HONG KONG—The Hong Kong bookseller who broke his silence earlier this week about being blindfolded and interrogated in detention in China likened his ordeal to Cultural Revolution repression in an interview with AFP Sunday.
Lam Wing-kee is one of five booksellers who went missing last year, and who all worked for a Hong Kong publishing house known for salacious titles about leading Chinese politicians.
His story sent chills through Hong Kong, where the booksellers’ case has heightened fears Beijing is tightening its grip on the semi-autonomous city.
He told Thursday how he was detained for months after being picked up in the southern mainland city of Shenzhen in October on a visit to see his girlfriend.
Lam, who was placed on suicide watch during his detention, broke bail Thursday and is refusing to go back over the border, where he is under investigation for bringing banned books into the mainland.
Dressed in a neat blue shirt and cap, the 61-year-old told AFP how he felt terrified during his detention, where he was threatened with 30 years in jail and was harangued by twot men who said they had come from Beijing.
“They made me feel it was a Cultural Revolution denunciation,” he said, referring to the decade of torture, executions and public vilifications carried out under communist leader Mao Zedong across mainland China from 1966.
“They said we published, sold and mailed books to demean the state leadership. We are reactionaries. [They told me] I could be jailed for 20 to 30 years until I die.
“It was made clear to me that their power was huge and does not require legal means.
“I was just sitting there watching them. When I said one thing they would say 30 things…banging the table.”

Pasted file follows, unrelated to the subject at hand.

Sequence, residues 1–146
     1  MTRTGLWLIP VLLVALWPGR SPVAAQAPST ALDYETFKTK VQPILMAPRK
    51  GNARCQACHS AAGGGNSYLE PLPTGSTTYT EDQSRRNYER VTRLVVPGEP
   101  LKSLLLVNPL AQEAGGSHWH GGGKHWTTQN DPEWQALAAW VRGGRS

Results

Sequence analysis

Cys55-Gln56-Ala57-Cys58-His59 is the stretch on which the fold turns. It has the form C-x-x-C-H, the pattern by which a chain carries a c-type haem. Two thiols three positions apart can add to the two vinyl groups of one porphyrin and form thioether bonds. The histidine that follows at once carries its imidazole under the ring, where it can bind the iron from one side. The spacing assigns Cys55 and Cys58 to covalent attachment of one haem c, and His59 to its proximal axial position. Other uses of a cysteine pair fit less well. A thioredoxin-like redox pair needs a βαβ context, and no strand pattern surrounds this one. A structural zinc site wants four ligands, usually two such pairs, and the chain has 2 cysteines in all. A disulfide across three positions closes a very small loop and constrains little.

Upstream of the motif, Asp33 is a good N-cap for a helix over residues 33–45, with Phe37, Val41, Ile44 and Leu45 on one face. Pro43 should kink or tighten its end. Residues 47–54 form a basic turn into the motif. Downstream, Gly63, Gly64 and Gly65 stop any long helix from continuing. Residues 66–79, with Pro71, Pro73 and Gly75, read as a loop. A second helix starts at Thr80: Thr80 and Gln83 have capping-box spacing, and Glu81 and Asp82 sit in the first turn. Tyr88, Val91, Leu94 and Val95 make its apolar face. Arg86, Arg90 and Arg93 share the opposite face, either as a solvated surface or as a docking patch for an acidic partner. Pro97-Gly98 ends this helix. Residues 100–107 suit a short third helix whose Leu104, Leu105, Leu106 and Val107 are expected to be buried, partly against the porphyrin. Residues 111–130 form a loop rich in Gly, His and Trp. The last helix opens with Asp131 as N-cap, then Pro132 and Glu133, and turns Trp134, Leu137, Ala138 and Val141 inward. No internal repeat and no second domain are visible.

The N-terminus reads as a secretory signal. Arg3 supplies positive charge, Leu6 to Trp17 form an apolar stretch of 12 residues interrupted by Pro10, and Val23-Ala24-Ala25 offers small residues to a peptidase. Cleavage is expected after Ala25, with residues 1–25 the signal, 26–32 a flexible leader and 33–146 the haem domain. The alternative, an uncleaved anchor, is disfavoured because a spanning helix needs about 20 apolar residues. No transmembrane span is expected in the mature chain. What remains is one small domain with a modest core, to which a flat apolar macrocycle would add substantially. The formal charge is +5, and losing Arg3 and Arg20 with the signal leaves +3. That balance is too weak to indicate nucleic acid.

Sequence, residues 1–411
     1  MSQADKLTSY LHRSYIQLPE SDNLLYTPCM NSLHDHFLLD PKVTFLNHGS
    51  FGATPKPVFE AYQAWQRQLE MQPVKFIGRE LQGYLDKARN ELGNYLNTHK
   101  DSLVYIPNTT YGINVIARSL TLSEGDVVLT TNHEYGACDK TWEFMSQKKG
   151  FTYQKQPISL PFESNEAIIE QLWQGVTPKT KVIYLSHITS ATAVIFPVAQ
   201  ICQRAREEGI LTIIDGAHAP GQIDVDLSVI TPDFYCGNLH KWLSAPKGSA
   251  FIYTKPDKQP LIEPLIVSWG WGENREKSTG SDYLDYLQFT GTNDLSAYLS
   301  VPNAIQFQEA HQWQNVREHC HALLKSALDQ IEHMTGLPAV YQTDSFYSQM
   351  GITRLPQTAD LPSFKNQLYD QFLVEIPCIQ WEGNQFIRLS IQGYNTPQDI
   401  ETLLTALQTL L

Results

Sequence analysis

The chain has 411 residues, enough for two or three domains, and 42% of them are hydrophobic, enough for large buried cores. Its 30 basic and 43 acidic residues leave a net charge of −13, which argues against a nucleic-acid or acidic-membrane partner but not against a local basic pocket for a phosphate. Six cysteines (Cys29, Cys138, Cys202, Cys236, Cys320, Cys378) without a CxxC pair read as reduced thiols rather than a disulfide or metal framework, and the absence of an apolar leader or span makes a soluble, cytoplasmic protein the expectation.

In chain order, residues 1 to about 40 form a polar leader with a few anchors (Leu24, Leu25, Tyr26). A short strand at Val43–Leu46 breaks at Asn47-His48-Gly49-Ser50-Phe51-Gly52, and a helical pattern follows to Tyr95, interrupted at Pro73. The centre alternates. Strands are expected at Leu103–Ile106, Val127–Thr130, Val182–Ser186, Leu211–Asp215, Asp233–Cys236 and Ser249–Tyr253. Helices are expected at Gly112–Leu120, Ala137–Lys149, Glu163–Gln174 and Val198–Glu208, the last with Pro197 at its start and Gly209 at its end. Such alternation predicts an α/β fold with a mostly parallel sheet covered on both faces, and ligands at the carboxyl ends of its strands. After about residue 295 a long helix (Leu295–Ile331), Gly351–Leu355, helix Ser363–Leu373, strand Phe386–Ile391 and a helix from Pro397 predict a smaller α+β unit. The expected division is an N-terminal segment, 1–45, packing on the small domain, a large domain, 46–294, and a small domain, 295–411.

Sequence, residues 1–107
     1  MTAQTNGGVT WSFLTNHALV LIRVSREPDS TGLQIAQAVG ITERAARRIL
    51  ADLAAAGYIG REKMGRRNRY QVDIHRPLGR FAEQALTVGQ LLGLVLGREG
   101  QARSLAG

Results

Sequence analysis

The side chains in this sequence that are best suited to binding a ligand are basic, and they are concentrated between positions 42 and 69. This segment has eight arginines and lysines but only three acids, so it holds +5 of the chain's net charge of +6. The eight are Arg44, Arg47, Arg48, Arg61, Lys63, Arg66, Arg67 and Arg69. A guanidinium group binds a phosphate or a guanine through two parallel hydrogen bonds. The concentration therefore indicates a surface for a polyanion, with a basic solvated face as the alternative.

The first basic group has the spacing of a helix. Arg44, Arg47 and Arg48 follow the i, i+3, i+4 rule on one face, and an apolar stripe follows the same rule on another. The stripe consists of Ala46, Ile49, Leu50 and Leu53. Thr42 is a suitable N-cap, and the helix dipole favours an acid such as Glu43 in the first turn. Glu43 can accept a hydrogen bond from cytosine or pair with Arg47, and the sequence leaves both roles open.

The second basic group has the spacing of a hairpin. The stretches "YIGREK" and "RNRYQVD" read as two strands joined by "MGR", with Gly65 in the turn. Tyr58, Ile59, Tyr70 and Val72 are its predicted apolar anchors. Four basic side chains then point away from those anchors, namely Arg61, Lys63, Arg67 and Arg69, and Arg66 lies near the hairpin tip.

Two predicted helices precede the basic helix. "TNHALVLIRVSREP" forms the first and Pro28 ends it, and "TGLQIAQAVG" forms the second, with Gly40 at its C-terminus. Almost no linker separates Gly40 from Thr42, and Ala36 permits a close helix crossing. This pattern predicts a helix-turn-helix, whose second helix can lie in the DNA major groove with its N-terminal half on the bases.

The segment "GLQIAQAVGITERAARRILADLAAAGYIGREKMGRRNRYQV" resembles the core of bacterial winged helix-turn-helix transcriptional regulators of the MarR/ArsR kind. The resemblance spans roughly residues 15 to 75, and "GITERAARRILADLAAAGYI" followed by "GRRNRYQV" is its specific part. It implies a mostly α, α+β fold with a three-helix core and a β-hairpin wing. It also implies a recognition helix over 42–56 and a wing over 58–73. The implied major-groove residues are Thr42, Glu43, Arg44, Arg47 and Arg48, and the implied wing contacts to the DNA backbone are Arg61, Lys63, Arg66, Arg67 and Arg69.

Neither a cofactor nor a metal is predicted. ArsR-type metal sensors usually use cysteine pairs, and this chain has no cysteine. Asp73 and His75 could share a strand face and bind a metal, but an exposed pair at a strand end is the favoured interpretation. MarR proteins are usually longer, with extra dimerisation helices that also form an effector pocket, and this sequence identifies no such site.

Lam says he was told that a “special investigation unit” was dealing with his case.
He was allowed back into Hong Kong for the first time Tuesday on the condition that he pick up a hard disk listing bookstore customers and return to the mainland Thursday. Instead, he decided to cut loose and break his silence.
“If worse comes to worst, I could die. [But] ‘civilians do not fear death, why threaten them?’,” said Lam, quoting an ancient Chinese idiom often used to describe fearless defiance of repressive regimes.
“I am a free man.”
Lam is staying with a relative and says he has not asked city authorities for protection.
“There is no use,” he said. “They cannot protect me forever.”
He has also turned down an offer from a pro-democracy politician to help him seek asylum in another country, saying he wants to remain in Hong Kong and continue to speak out.
Critics have accused the Hong Kong government of being a Beijing puppet that can no longer protect its own citizens, and are demanding to know what authorities have done to try to help the booksellers.
Lam led more than 1,000 protesters through the city centre Saturday over his detention.
He told AFP the Mighty Current publishing house, where the five booksellers worked, and its outlet the Causeway Bay Bookstore—which Lam managed—had been targeted as part of a wider crackdown to deter Hong Kong from putting out political titles.
During his interrogation he was asked to hand over details of authors and customers, he said.
The case has spooked some Hong Kong bookshops into removing controversial titles from their shelves—but Lam says he will continue to sell them if he can.
“There are no banned books in Hong Kong,” Lam said.
“It’s a place with freedom of publication…there is a market.”
Since Lam went public, three of the other booksellers have cast doubt on his story.
One of them, Lee Bo, the only one of the group to have disappeared on Hong Kong soil, refuted Lam’s claim that he had told him he was taken to the mainland against his wishes.
The two other booksellers who questioned Lam’s version, Lui Por and Cheung Chi-ping, were quoted by pro-Beijing media as speaking from the mainland, where they are believed to still be under investigation.
Lam says he sympathizes, describing them as “under threat”.
The fifth bookseller, Gui Minhai, is in detention, and his family is demanding his release.
Lam has been hailed a role model by those in Hong Kong who feel Beijing is suffocating its cherished freedoms.
But he says he is nothing special.
“I am not a hero,” he told AFP.
“The people of Hong Kong are heroes …as long as we keep fighting there is hope.”